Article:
Workplace Relations #2

In Workplace Relations #1, I spoke about the art of passive observation. How do you do it? 

As a start, find a few moments away from your smartphones and airpods – and use the time to connect with life and people

Daniel Goleman’s book Social Intelligence described technology as the “continuing invasion into our daily lives”: 

“… Our most potent exchanges occur with those people with whom we spend the greatest amount of time day in and day out, year after year – particularly those we care about the most.”

(Goleman, D. 2006. Social Intelligence, p.5. Random House Australia (Pty) Limited: Sydney, NSW.)

I used to spend at least 9 hours a day at work. I was paid for 8, so the extra hour was my own choice; it was spent engaging with staff and employees during the day. Why did I do this? 

Daniel Goleman again: 

“Neuroscience has discovered that our brain’s very design makes it sociable, inexorably drawn into an intimate brain-to-brain linkup whenever we engage with another person. 

 … our relationships mould not just our experience but our biology … nourishing relationships have a beneficial impact on our health, while toxic ones can act like poison in our bodies … science now tracks connections between the most stressful relationships and the operation of specific genes that regulate the immune system.”  

(Goleman, pp.4–5).

Eight hours … in an environment that was at times frustrating, infuriating, and which could sometimes make you physically sick. But did I want to get home mentally depleted and unable to sleep? NO! 

Thank goodness for Network 21 and the books they recommended – and also Dale Carnegie’s How to Win Friends and Influence People which I highlighted in WR #1 last week. 

Getting along at work

Now here’s where I learnt how listening and observing are crucial for good work relationships: but you first need CLUES to put your new skills into practice. Here are some:

  • Do you know your colleagues’ football teams? Some wear their team colours on a Friday before a game, or on a Monday if their team wins. Mondays are the best time to hear about teams that won or lost!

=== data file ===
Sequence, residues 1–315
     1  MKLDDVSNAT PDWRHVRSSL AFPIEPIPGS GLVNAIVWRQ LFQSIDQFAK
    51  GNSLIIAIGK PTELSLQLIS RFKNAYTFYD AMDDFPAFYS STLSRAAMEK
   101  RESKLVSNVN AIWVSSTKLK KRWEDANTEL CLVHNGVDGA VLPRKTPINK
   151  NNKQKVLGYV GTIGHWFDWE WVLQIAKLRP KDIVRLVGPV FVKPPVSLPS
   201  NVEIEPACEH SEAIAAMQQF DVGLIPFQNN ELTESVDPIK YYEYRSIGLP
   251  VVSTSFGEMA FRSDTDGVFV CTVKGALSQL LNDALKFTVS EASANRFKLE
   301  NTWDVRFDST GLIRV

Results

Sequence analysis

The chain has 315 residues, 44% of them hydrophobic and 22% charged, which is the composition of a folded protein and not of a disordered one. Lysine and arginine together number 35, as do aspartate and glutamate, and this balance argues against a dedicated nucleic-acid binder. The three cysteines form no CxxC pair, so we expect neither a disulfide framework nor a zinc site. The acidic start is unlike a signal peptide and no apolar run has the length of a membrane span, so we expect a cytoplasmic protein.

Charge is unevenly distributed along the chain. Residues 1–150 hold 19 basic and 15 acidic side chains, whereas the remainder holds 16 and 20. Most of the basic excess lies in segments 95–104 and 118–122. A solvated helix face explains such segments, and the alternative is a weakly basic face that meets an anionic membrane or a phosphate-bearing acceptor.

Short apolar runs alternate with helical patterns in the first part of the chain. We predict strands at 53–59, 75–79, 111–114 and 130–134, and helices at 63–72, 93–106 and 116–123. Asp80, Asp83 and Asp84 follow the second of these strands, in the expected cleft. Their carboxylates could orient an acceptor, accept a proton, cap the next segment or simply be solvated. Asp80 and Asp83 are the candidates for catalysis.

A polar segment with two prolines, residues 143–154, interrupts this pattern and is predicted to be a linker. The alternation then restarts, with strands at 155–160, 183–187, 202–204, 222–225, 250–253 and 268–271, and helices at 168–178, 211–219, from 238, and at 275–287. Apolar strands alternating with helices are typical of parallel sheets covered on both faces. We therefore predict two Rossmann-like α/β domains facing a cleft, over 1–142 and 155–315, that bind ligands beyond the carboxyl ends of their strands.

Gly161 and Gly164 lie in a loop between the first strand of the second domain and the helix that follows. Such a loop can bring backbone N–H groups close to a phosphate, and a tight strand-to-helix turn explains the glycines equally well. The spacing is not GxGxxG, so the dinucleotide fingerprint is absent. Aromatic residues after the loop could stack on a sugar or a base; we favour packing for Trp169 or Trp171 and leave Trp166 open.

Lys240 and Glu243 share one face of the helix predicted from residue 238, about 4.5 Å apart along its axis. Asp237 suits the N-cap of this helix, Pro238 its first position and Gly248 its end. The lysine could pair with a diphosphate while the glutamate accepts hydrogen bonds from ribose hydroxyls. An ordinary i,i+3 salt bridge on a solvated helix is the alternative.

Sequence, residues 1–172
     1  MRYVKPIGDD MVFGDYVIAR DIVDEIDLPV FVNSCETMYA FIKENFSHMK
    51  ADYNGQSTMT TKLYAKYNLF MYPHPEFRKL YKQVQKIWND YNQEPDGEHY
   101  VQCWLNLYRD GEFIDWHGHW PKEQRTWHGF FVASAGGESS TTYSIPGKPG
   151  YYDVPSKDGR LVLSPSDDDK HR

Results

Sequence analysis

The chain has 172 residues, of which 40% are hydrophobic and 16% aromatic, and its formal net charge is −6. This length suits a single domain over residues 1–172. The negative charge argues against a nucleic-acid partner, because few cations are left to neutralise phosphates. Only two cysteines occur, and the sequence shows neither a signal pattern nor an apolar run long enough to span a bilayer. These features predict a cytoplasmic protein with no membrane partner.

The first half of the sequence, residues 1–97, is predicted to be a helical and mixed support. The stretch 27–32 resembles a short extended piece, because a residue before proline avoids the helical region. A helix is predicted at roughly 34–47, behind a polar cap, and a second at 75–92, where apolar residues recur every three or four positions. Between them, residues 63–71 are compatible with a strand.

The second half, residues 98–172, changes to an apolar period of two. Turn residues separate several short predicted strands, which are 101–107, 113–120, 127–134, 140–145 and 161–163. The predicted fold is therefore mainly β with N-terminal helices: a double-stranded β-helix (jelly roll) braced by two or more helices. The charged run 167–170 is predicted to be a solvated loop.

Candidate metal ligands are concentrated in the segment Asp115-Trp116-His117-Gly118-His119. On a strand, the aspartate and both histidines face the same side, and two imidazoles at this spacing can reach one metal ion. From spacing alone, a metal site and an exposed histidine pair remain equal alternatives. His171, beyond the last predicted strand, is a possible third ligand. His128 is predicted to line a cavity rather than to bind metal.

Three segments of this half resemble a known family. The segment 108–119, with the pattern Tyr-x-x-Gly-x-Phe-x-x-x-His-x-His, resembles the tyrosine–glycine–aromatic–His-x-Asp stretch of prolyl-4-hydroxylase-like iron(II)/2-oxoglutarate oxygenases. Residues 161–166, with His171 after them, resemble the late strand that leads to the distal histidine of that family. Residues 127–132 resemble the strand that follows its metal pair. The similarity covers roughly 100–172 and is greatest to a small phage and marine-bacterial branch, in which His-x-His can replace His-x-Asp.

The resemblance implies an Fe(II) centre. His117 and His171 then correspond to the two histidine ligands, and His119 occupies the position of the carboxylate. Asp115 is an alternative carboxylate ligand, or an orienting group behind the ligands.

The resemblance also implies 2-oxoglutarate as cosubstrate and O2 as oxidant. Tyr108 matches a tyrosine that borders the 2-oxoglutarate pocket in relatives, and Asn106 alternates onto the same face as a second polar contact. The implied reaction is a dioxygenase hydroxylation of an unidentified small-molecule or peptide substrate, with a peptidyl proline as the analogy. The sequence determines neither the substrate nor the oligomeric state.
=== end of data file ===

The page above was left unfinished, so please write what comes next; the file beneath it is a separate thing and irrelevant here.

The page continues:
• Observe their photos. These may be of their partners, children, pets, travels or cars. They’re there. Have a look – you’ll inevitably hear conversations about them.
  • What’s their personality? Attitude? Trustability? This is the most obvious. If they are definitely “not your type”, stick to work-related chats, be polite, and always acknowledge their presence with a “Hi” or “Good morning” when you first see them, and “See you tomorrow!” when they leave. Keep doing it even if they don’t respond! 
  • What’s their work ethic? The really lazy ones don’t last anyway, so they quickly came off my list. Those who were younger and smarter helped me learn computer skills which I needed to get better at.
  • Physical Appearance? Is it sloppy? Dishevelled? Or are they smartly dressed, striding in with heads held high, looking immaculate? (Sorry, but I couldn’t resist adding that “overdressers” created much amusement in my payroll department – was there really a need for stilettos, bowties, or excessive bling??)  
  • Observe their health. Are they overweight? Do they carry an array of tumblers, protein shakes, and pre-packaged meals to the kitchen? Are they addicted to soft drinks, caffeine or nicotine? Are their desks laden with codeine, aspirin or other painkillers? Are they walking slowly, dragging their feet? And lastly do their eyes appear dull, sad and with dark rings? 
Get the picture??

Your clues tell a story – whether you discover them at the office or on a screen in WFH. 

Dealing with ‘those’ days & work upheavals …

Yes – those days when we’re frazzled. At such times, I’ve asked myself, “Why am I even here??” – and tempted to grab my bag and leave for good. Remember that while in this state, we cannot think clearly and should never make important decisions. A simple method I use to calm down is to picture myself smiling. 

Les Giblin in his long-established book says:

“It’s almost impossible to be worried or anxious while you’re smiling. A smile is relaxing. A smile shows confidence.”

(Giblin, L. [1956]. 1986. How To Have Confidence and Power in Dealing with People, p.74. Prentice-Hall Inc.: Englewood Cliffs, New Jersey.)

My last 15 years at work saw a record number of restructures. There was huge uncertainty and pressure; morale was low, and no-one smiled. 

Next week, I’ll tell you how each clue gives you enough information to trigger a positive response with just a few words. 

For now, to use Giblin’s term, don’t forget your MAGIC SWITCH: a warm, sincere smile that will bring out a friendly feeling in the other person almost instantly! 

I know all of us have lovely smiles. Let’s use them more often. You’re sure to get one back!! 

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